Henry Cohen, senior RF design engineer, CP Communications, punctuated that by noting that nearly half of ESPN’s 3,200 broadcast events each year use wireless audio systems with as many as 575 systems used on a single weekend this year. “We’re down to 13 [UHF RF] channels by the end of this year,” he said, “and we have to share them with other broadcasters.”

ESPN’s audio guru Kevin Cleary sardonically reminded the audience that the spectrum once taken for granted by broadcasters is worth hundreds of billions of dollars to its new consumer-oriented owners, money that even sports broadcasters can’t compete with. “We can’t bid for any of that, and yes, it can go away,” he said.

He also mentioned for the first time publicly that some networks, RF vendors, and manufacturers are participating in informal conference calls to discuss strategies and tactics for addressing disappearing spectrum. “We’re trying to shape our own future and trying to cohabitate with other users.”

Dolby Laboratories Senior Platform Engineer Nicholas Tsingos outlined Dolby’s AC-4 codec Atmos many-channel surround format, noting that object-based audio is now applicable for postproduction; it made its debut in several high-profile films this year. And underscoring what may become the next big buzzword in consumer and broadcast sound, he said object-based audio in general and Atmos in particular are the tools for the “personalization” of sound: the ability to let metadata customize the playback experience of multichannel sound for a wide array of platforms, environments, and tastes.

As the discussion of multichannel sound progressed, Cleary reminded the audience that “stereo is still a formidable contender” when it comes to sports broadcasting: “It sounds good and is all most consumers need or care about.” He added that going beyond 5.1 surround for live production will mean that OB trucks will need to be configured accordingly, which network budgets may not be ready to OK. “Who pays for the extra speakers?” he asked, only half jokingly.

Hardys Eggum, VP, media technology, HBO, responded that audio for entertainment of all types has to follow where consumers lead. “At some point, [marketplace] competition kicks in.”

Sahara added that metadata can be used to manage even the 22-channel arrays that Atmos calls for. NBCU director/Principal Audio Engineer Jim Starzinski observed that the real issues for many-channel sound will be in the production and postproduction workflow.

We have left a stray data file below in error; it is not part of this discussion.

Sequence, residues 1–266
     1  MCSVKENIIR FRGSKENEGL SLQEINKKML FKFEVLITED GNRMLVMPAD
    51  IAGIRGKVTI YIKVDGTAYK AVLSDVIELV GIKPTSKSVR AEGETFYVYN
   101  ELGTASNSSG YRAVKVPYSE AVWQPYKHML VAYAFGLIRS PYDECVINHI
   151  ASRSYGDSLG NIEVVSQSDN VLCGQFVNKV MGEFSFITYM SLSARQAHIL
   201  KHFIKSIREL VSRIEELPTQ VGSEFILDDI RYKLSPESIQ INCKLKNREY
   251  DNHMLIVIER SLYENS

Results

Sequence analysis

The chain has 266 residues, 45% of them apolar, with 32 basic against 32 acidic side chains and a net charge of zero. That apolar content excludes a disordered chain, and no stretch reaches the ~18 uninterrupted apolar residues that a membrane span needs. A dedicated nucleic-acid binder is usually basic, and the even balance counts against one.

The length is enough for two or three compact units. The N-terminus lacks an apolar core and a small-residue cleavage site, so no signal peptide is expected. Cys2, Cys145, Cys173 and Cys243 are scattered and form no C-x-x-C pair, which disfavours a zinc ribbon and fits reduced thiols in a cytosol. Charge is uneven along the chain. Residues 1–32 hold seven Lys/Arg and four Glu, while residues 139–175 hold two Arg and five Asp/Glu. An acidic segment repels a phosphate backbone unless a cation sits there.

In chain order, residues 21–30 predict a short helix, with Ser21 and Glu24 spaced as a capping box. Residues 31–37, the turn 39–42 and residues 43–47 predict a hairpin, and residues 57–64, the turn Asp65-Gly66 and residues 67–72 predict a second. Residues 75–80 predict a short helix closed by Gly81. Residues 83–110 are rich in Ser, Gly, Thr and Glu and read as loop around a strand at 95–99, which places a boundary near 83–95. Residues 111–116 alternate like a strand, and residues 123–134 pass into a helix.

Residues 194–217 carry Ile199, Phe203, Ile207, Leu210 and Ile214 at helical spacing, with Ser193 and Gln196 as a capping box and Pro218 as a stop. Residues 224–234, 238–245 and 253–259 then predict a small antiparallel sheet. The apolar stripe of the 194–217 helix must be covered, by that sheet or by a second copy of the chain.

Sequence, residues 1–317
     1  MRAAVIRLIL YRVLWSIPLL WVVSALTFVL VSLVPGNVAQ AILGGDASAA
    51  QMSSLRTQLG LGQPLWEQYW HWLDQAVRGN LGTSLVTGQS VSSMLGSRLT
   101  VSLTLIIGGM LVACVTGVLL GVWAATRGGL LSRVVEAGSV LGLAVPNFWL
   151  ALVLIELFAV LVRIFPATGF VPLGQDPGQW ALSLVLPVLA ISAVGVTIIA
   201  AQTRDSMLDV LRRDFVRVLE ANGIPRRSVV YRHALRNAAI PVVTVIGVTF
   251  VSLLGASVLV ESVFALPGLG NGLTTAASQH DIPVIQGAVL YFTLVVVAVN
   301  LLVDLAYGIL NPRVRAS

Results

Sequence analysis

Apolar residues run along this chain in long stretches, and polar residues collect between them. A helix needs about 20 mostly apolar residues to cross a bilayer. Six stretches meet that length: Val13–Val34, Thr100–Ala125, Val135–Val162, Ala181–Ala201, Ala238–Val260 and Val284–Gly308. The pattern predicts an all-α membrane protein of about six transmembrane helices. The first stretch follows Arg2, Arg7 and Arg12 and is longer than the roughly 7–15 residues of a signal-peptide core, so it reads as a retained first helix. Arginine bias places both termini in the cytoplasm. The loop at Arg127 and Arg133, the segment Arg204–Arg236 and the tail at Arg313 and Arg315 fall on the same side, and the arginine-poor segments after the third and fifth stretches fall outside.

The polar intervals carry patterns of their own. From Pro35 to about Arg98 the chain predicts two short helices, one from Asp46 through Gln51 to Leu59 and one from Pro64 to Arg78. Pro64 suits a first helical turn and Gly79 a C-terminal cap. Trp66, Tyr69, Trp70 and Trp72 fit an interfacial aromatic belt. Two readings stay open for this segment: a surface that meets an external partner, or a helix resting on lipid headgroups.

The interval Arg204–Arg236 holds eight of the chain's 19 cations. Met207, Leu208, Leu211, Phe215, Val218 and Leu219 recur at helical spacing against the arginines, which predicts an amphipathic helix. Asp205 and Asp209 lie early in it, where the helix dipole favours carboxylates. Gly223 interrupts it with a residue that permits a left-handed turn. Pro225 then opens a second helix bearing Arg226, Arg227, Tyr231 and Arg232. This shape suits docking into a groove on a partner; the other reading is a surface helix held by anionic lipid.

Brazil Arena Sound
On the panel Assuring High Quality Speech Intelligibility for Sports Events in Stadiums, three acoustical designers from Walters-Storyk Design Group discussed key issues for stadium audio: speech intelligibility, which John Storyk asserted is more critical than the frequency response of the system for sports events, and uniform sound coverage, which is critical to meeting FIFA rules and regulations.

The WSDG designers described the three major Brazilian stadium projects they’ve been working on in preparation for the 2016 Olympics. The Mineirão Stadium in Belo Horizonte was completed last year and has already hosted Paul McCartney and will host the 2014 World Cup. Renovations on Independencia, Brazil’s largest stadium and also in Belo Horizonte, are approaching completion. Renovation of the Maracanã Stadium in Rio de Janeiro will be completed later this year.

WSDG Brazil is tasked with designing the acoustics and the complete audio and video systems for all three stadiums. Key areas included analysis of requirements involved in design of stadium sound systems, including frequency response, target STL and STI values, coverage (SPL distribution), zoning, architectural and structural integration, and redundancy.

The focus has been on Brazil as both the World Cup in 2014 and the 2016 Summer Olympics loom, but WSDG’s Sergio Molho pointed out that FIFA is planning to move more events into the Middle East and Africa in coming decades. “The regulations and requirements in Brazil changed often and sometimes radically” as the work on the venues there progressed, he said. “I expect that to continue to happen in other parts of the world in the future.”